[rbridge] A question about (R)STP and routing protocol
Radia.Perlman at sun.com
Wed Feb 22 21:15:19 PST 2006
You are not the first person to ask these questions.
There is a lot of confusion over what is different between RSTP and STP,
and what is different between RSTP and link state routing.
I'll try to explain.
1) What's the difference between RSTP and STP?
RSTP and STP are almost identical, are compatible,
and it would be less confusing to think of RSTP as a different
version of the bridge spec than a different protocol.
RSTP calculates the
same spanning tree, and uses the same algorithm and even
packet formats as STP. Both RSTP and STP calculate a tree of shortest paths
from the Root bridge, which is the bridge with lowest ID/priority.
The major difference between RSTP and STP
is how they avoid temporary loops.
STP did it with a timer. RSTP coordinates between neighbors
to turn on links more quickly after topology changes.
However, in either case, it is impossible to always avoid temporary
loops...the simplest case is when a repeater comes up, or if too many
spanning tree messages get lost due to congestion.
So to summarize, both STP and RSTP use the same basic
algorithm...the heart of algorithm is to calculate a tree
of shortest paths from a single point.
And the resulting tree and data packet
forwarding path is the same in both (because it is the
same algorithm). A single shared loop-free subset
of the physical topology is calculated, upon which data packets are
2) What is the difference between RSTP and IS-IS?
This is harder to answer than the difference between RSTP and STP,
because IS-IS and spanning tree (RSTP/STP) are so very different from
each other. IS-IS passes around topology
information so that every RBridge calculates the shortest path between
destination. With spanning tree (RSTP/STP) each bridge just knows which
subset of its
own ports are "in" or "out" of the spanning tree. If a link is not in
the spanning tree,
then it cannot be used, even if it is the shortest path between point A
and B, and
pairwise paths can be quite suboptimal. Furthermore, traffic is concentrated
on the links in the spanning tree, because no traffic can be on links
not in the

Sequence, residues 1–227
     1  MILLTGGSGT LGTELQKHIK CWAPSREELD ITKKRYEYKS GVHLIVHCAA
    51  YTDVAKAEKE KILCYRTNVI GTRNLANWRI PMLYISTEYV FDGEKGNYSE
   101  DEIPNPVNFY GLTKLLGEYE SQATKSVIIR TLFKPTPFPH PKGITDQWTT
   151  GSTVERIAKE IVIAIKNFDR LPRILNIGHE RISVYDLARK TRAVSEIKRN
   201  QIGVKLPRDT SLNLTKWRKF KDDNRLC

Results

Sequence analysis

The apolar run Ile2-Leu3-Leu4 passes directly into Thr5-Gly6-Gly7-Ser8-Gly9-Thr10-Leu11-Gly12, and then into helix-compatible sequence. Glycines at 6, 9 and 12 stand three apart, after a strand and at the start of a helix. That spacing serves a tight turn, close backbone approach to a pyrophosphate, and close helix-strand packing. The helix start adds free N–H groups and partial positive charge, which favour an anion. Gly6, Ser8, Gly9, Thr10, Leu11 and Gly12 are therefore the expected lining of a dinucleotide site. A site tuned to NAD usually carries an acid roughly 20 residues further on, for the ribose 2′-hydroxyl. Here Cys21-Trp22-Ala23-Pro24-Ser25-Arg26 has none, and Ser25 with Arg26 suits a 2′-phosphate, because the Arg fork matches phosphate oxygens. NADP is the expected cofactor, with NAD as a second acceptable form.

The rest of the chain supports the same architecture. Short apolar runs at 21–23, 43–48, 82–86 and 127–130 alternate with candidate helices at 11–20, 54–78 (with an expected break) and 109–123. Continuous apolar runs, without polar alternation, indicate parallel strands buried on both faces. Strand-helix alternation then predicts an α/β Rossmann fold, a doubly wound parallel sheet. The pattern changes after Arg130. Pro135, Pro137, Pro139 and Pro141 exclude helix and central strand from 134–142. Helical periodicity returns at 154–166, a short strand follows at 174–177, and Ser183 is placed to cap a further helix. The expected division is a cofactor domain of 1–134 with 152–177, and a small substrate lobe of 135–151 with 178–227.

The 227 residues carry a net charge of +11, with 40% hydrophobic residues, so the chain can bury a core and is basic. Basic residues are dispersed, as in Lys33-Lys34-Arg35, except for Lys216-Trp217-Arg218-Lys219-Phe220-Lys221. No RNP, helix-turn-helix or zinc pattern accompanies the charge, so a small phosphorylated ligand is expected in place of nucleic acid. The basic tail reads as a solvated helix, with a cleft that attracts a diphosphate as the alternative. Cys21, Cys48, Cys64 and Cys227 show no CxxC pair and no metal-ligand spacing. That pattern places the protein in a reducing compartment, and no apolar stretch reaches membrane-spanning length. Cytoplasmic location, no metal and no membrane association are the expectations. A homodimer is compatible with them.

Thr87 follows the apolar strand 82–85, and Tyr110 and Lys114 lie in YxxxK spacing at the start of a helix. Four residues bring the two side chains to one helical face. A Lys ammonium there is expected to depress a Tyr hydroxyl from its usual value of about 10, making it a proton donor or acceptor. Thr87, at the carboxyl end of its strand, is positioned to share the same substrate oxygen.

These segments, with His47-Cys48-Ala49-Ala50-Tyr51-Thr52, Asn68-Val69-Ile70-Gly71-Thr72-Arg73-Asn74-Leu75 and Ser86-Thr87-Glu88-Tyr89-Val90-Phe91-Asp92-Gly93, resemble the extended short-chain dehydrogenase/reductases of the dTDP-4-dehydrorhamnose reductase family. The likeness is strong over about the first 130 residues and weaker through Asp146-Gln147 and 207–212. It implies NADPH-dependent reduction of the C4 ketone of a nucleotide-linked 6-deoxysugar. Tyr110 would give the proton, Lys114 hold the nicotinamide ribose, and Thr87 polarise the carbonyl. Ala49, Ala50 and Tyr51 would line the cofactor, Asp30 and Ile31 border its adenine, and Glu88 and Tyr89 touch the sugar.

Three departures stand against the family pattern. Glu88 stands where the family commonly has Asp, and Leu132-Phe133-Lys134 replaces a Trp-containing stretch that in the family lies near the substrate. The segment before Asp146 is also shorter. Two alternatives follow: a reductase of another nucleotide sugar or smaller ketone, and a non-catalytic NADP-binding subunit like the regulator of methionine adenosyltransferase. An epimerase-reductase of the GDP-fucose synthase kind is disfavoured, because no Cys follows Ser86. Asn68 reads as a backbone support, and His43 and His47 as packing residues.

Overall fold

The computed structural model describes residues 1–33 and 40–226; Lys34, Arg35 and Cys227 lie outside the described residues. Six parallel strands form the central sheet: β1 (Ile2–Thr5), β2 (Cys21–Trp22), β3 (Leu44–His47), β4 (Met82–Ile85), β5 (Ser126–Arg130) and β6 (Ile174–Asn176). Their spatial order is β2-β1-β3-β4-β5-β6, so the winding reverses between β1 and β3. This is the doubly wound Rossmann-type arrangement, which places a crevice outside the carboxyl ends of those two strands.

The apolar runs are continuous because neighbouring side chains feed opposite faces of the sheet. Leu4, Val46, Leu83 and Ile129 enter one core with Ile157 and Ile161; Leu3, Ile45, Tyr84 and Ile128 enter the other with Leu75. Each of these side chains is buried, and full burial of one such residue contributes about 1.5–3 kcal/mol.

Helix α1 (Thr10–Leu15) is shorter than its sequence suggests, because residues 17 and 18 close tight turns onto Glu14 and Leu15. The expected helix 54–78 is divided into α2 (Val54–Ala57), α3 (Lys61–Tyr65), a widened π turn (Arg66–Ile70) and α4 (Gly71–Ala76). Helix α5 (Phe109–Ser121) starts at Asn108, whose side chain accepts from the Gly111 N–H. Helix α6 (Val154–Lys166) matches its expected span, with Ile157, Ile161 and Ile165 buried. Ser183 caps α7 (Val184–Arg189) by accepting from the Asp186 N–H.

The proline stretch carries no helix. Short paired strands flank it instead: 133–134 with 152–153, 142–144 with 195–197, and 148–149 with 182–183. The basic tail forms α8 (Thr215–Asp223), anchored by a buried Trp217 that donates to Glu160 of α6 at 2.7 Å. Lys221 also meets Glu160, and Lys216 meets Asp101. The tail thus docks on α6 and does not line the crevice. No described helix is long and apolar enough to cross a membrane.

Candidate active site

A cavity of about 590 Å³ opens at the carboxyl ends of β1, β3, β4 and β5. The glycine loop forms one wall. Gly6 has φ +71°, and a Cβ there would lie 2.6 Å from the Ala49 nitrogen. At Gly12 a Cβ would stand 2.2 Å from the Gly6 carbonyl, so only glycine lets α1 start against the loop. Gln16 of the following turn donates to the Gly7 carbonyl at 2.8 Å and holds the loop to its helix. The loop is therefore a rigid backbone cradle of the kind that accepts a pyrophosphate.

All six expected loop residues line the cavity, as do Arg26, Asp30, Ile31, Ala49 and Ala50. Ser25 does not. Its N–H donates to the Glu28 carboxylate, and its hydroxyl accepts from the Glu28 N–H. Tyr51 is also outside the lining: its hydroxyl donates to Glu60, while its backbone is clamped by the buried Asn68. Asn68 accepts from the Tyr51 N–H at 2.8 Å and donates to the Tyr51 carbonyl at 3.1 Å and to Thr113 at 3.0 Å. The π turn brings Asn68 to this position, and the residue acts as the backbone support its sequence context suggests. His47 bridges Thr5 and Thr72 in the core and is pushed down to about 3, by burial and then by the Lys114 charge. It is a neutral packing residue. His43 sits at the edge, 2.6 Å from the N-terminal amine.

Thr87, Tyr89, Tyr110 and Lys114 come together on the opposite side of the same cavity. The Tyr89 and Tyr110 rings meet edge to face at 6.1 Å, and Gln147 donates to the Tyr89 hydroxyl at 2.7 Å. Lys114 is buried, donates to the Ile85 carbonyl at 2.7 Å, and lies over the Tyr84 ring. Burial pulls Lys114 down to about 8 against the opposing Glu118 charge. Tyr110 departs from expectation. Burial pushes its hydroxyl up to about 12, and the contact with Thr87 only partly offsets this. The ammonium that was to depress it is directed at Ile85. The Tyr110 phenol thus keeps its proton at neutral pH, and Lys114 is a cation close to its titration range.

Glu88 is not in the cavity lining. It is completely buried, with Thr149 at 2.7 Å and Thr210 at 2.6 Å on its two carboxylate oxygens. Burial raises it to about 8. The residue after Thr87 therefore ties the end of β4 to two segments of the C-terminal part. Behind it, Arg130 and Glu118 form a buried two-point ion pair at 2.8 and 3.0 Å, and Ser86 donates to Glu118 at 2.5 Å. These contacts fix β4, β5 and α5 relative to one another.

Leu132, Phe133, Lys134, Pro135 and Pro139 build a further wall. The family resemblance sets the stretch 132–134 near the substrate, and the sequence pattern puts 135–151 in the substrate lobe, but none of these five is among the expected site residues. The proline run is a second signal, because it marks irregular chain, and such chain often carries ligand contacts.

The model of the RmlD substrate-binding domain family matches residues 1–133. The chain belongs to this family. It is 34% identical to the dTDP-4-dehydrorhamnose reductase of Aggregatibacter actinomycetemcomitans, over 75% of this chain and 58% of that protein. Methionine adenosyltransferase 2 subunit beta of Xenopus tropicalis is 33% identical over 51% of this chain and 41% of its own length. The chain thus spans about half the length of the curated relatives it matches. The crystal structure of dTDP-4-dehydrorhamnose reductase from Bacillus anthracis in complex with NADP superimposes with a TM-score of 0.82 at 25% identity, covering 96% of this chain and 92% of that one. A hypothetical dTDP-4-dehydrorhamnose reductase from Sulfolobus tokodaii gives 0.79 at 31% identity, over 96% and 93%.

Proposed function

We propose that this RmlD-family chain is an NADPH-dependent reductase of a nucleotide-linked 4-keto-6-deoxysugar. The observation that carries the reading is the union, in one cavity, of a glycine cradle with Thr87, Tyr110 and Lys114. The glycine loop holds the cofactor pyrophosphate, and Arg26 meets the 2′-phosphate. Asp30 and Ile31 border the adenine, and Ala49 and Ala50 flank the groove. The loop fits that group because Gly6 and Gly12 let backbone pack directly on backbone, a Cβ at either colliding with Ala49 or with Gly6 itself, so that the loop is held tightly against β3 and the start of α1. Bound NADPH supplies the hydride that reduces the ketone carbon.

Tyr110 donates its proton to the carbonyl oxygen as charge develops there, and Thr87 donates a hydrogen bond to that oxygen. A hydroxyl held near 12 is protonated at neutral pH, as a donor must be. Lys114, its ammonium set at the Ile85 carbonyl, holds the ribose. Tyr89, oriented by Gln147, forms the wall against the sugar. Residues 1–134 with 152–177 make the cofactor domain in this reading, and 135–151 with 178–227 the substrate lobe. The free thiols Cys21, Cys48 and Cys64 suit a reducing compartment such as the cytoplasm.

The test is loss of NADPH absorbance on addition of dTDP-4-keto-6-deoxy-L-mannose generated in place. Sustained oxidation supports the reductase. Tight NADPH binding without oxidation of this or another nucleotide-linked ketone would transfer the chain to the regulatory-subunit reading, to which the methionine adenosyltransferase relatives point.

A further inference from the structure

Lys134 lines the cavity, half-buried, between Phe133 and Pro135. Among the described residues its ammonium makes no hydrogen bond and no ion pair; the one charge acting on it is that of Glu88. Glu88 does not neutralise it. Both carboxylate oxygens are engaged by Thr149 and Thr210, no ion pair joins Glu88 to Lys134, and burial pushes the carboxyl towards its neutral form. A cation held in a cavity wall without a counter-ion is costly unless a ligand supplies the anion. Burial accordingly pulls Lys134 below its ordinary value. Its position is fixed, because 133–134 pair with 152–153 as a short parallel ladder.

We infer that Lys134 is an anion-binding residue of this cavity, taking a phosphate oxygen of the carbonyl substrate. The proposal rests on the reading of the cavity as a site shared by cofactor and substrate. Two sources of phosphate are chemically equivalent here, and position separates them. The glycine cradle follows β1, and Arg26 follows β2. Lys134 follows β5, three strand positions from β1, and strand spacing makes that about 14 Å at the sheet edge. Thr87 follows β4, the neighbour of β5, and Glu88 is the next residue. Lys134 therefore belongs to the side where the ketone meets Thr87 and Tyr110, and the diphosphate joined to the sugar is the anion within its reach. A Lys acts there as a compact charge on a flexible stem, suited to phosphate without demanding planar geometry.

Also spanning tree bridges learn, based on
seeing data traffic, which
direction the source is. (which of its own local ports lead to the
the data packet). So packets must always arrive from a particular source
the same direction or else bridges will get confused. In contrast, with
switches can do path splitting; using multiple paths to reach a destination.
3) What is difference between RSTP and RBridge approach?
a TTL into the header of forwarded data packets so a temporary loop is
not really bad, so it need not
be very conservative about avoiding loops. Also,
a link state protocol (IS-IS) calculates shortest
pair-wise paths. Also, it can calculate multiple paths to the
destination, and do path splitting.
4) What is the difference between recent work in IEEE to calculate
per-ingress trees, and RBridge approach?
IEEE may indeed wind up doing the same thing as RBridge. Several years
before TRILL I tried to get IEEE interested in doing this approach,
but they were not interested, perhaps because I didn't explain it
well enough. Now that work has started in IETF, I think it is possible
that IEEE will converge on the same solution, which would actually
be good for the industry.
Suping Zhai wrote:
>I am confronted with some questions when reading the Rbridge protocol related draft and hope someone can help me with details.
>What's the essential difference between (R)STP and routing protocol(e.g. IS-IS)?
>How dose the routing protocol(e.g. IS-IS) can optimize the routing path while (R)STP can't?
>Can we optimize the (R)STP protocol itself to reach that goal? If that's the case, then I think that all RBridge WG works can be substituted. And I have seen some work been done in IEEE802.1aq which is on the way to the per bridge MSTP road. But what I imagine is that should we get a comparable simple and untangled solution for the bridge network routing path?
>zhaisuping at huawei.com
>Huawei Technologies Co., Ltd.
>rbridge mailing list
>rbridge at postel.org
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